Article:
By Marcelle Green, Marketing Director, DCAA Resource Center
Certain expenses are legitimate costs of doing business, but the federal government won’t reimburse them as part of a federal contact.
Does your business advertise? Make donations or contributions to non-profit organizations? Pay interest on loans or other debts?
Chances are you do, and any businessperson would agree that these, along with many others, are legitimate costs of doing business.
But not to the federal government. Or, more precisely, these are costs the government will not reimburse for contracts that include costs as part of the price. (Most federal contracts do.)
According to the FAR (Federal Acquisition Regulations), there are a number of business expenses which must be shown in a company’s accounting system, but are specifically excluded from government reimbursement. Those costs, in general terms, are:
- Airfare Travel Costs in excess of the lowest available option
- Automobile Costs for Personal Use
- Debt Service
- Donations and contributions
- Goods and Services Cost for Personal Use
- Personal Housing and Living Expenses
- Public Relations
But it isn’t quite that simple. For example, FAR 31.205-1 disallows most advertising costs, except those specifically required by contract, or to acquire scarce items for contract performance or dispose of scrap or surplus materials acquired for contract performance. Companies can charge the government for attending trade shows to promote products normally sold to the government, but can’t deduct the costs of giveaways (swag), alcohol, or entertainment. (So much for using mojitos to break down sales resistance.)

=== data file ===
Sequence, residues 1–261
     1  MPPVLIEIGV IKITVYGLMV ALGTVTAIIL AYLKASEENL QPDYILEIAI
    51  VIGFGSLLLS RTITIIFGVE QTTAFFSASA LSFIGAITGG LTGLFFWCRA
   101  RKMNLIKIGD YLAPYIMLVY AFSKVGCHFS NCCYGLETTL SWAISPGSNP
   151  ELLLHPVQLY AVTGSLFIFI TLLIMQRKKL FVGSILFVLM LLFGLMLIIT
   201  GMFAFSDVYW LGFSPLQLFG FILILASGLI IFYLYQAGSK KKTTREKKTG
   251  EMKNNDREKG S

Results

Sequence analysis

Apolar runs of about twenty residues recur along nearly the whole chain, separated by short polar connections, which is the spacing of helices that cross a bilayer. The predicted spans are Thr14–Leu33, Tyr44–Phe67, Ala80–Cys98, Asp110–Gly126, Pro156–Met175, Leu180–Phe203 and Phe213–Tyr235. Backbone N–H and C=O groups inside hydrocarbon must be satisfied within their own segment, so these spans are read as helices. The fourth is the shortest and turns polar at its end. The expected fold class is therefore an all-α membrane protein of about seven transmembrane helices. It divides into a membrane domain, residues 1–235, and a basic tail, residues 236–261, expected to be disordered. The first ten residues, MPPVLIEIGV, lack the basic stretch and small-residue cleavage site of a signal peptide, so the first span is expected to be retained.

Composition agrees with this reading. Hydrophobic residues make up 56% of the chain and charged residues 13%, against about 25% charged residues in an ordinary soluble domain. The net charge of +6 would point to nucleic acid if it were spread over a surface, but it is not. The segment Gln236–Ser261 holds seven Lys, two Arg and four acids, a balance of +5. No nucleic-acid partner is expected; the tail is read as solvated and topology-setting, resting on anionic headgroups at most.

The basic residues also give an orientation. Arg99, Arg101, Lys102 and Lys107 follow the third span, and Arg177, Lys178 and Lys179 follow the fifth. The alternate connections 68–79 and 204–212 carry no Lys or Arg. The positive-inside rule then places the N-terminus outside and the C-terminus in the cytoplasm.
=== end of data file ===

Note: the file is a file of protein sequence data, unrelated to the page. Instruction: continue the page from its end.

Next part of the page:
Do you need to send an executive on an airplane as part of the contract? FAR 31.205-46 says only the lowest priced airfare during normal business hours is allowable. But, of course, there are circumstances when higher costs would be allowed: when such accommodations require circuitous routing, require travel during unreasonable hours, excessively prolong travel, result in increased cost that would offset transportation savings, are not reasonably adequate for the physical or medical needs of the traveler, or are not reasonably available to meet mission requirements.
This does not mean that a company is not allowed to incur these costs; it simply means the government is not willing to pay for them, either directly or indirectly, through government contracts. To manage these expenses, separate accounts must be set up to avoid charging them to contracts audited by the DCAA. When setting up a Chart of Accounts, companies must include a cost pool (or category) for unallowable costs.
Because contract provisions sometimes allow certain costs that are unallowable in the FAR, companies should check the contract carefully for any differences with the FAR. In addition, companies must have written policies that show which costs will be classified as unallowable, and how the company will set up its accounting system to avoid charging the government for unallowable expenses.
About the DCAA Resource Center
The DCAA Resource Center is an on-line resource for government contractors and the accounting firms and other consultants that service them. The center is the first comprehensive, unbiased resource for all things related to DCAA, and includes information about every aspect of government cost accounting and resources for both government contractors and accountants.